Household plants. Asthma attacks can be precipitated by mold spores that are often found in the soil of many household plants.

My advice: Mold-sensitive patients should minimize indoor plants and keep them out of rooms in which they spend a lot of time, such as the bedroom. If you want to have some plants in your home, you may want to try English ivy, a peace lily or a rubber plant. These plants have been found in research to reduce airborne toxins, including mold spores. Note: Keep English ivy, peace lily and the Indian rubber plant out of the reach of pets and children—these plants can be toxic if consumed.

Wood smoke. Most people realize that cigarette and cigar smoke are irritants, but wood smoke is often overlooked, even though it too can trigger an asthma flare-up.

My advice: If you have asthma, avoid exposure to wood smoke from fireplaces, grills and open fires to avoid worsening symptoms.

Chlorine. A dip in the pool can be invigorating and even help build lung function, but it can also take your breath away if the water is highly chlorinated. While not a true allergy, chlorine sensitivities can trigger chest tightness, coughing and wheezing.

My advice: If you have asthma, limit your exposure to freshly chlorinated pools—especially hyper–chlorinated public pools—and shower thoroughly afterward. If possible, swim in a saltwater pool.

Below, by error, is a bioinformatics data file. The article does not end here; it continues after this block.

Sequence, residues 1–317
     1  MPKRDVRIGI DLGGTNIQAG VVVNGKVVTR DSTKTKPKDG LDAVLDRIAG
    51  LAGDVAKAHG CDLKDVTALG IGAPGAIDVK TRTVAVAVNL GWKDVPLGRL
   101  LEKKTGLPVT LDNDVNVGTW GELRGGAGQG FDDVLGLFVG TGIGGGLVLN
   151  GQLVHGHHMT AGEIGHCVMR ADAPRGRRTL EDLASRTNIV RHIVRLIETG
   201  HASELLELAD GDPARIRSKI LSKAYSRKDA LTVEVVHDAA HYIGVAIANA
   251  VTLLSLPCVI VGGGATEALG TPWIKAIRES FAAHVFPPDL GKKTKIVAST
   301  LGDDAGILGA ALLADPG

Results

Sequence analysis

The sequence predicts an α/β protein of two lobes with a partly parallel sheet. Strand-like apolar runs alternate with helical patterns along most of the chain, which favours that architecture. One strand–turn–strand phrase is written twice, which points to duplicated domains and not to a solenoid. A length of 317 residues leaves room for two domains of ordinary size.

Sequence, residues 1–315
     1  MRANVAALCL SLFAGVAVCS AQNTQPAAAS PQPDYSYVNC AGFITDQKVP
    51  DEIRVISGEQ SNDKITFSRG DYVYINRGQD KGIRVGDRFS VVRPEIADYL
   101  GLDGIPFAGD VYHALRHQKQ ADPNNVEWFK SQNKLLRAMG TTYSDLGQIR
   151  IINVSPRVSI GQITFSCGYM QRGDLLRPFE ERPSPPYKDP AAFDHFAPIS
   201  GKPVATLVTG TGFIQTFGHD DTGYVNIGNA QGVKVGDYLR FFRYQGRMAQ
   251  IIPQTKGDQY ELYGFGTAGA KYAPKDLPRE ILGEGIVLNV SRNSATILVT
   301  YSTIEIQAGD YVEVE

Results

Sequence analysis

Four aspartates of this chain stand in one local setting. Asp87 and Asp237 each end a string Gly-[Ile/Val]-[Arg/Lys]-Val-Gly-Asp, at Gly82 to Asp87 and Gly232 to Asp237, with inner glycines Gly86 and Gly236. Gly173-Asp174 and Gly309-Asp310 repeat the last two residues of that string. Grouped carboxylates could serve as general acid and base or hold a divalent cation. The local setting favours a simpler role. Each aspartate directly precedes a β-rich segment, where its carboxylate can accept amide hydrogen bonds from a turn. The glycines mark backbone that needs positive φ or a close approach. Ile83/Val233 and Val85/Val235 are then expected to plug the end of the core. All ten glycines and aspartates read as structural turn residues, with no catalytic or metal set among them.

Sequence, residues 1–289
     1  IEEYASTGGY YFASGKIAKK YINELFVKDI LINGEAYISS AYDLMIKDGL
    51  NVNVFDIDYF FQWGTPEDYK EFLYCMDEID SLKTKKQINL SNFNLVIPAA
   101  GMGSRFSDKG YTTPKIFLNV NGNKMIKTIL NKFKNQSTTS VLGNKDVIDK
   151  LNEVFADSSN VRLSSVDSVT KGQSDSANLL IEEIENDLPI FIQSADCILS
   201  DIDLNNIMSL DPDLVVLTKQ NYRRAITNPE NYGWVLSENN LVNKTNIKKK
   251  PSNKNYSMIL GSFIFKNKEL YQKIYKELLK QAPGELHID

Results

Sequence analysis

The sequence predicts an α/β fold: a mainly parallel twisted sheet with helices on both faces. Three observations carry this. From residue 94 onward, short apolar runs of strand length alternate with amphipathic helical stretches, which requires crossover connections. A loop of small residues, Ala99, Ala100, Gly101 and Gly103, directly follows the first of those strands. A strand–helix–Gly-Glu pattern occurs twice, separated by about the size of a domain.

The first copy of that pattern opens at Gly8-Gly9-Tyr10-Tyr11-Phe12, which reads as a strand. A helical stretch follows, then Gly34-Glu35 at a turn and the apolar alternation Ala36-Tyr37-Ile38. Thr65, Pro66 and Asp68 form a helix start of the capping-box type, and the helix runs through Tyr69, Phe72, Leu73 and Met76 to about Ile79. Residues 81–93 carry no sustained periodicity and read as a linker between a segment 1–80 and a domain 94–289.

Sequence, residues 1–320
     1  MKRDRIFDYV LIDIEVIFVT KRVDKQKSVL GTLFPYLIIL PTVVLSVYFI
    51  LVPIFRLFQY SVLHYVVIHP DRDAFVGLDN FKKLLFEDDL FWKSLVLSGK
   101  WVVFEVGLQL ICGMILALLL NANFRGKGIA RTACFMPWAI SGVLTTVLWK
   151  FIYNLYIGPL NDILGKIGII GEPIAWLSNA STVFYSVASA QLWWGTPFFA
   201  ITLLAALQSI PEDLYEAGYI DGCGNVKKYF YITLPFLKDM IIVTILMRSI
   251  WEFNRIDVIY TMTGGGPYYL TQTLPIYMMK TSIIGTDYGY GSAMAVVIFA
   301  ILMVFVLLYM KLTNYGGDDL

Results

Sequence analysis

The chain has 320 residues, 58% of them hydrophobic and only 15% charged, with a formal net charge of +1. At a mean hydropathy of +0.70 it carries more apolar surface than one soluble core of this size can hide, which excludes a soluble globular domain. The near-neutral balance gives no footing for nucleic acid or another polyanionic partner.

Also, if chlorinated pools make your symptoms worse, be careful about using household cleaning products that contain bleach—only use these products in areas that are well-ventilated.

Candles and air fresheners. Pleasant aromas from scented candles and air fresheners can irritate nasal passages and contribute to an asthma attack.

My advice: To prevent a possible allergic reaction, it’s best to avoid scented candles and air fresheners.

MISTAKE #4: Not getting a flu shot. Getting an annual flu shot is especially important for asthmatics, who are at increased risk for dangerous flu complications, such as pneumonia. It’s best to get the flu shot in October, but it’s still helpful to get it up until March. Pneumonia vaccines, which can be given anytime during the year, are also recommended for people with asthma.

MISTAKE #5: Not recognizing flare-up symptoms. It’s crucial that people with asthma watch for subtle warning signs—such as increasing shortness of breath while exercising or restless sleep—that indicate their asthma may be veering out of control.

Rule of thumb: Asthma is considered poorly controlled if wheezing or other symptoms occur more than twice a week or if you awaken more than twice a month with asthma symptoms. Other red flags include needing to use “rescue” inhalers, such as albuterol more than twice a week…requiring oral corticosteroids to treat severe attacks…and/or changing activity patterns (such as avoiding stairs, etc.).

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Source: Gailen D. Marshall, MD, PhD, the R. Faser Triplett Sr. MD Chair of Allergy and Immunology at The University of Mississippi Medical Center in Jackson. His major research interests include factors affecting asthma risk and the effectiveness of integrative approaches to clinical care for asthma and other immune-based diseases. Dr. Marshall is in his third term as editor in chief of the Annals of Allergy, Asthma & Immunology. Date: February 1, 2017 Publication: Bottom Line Health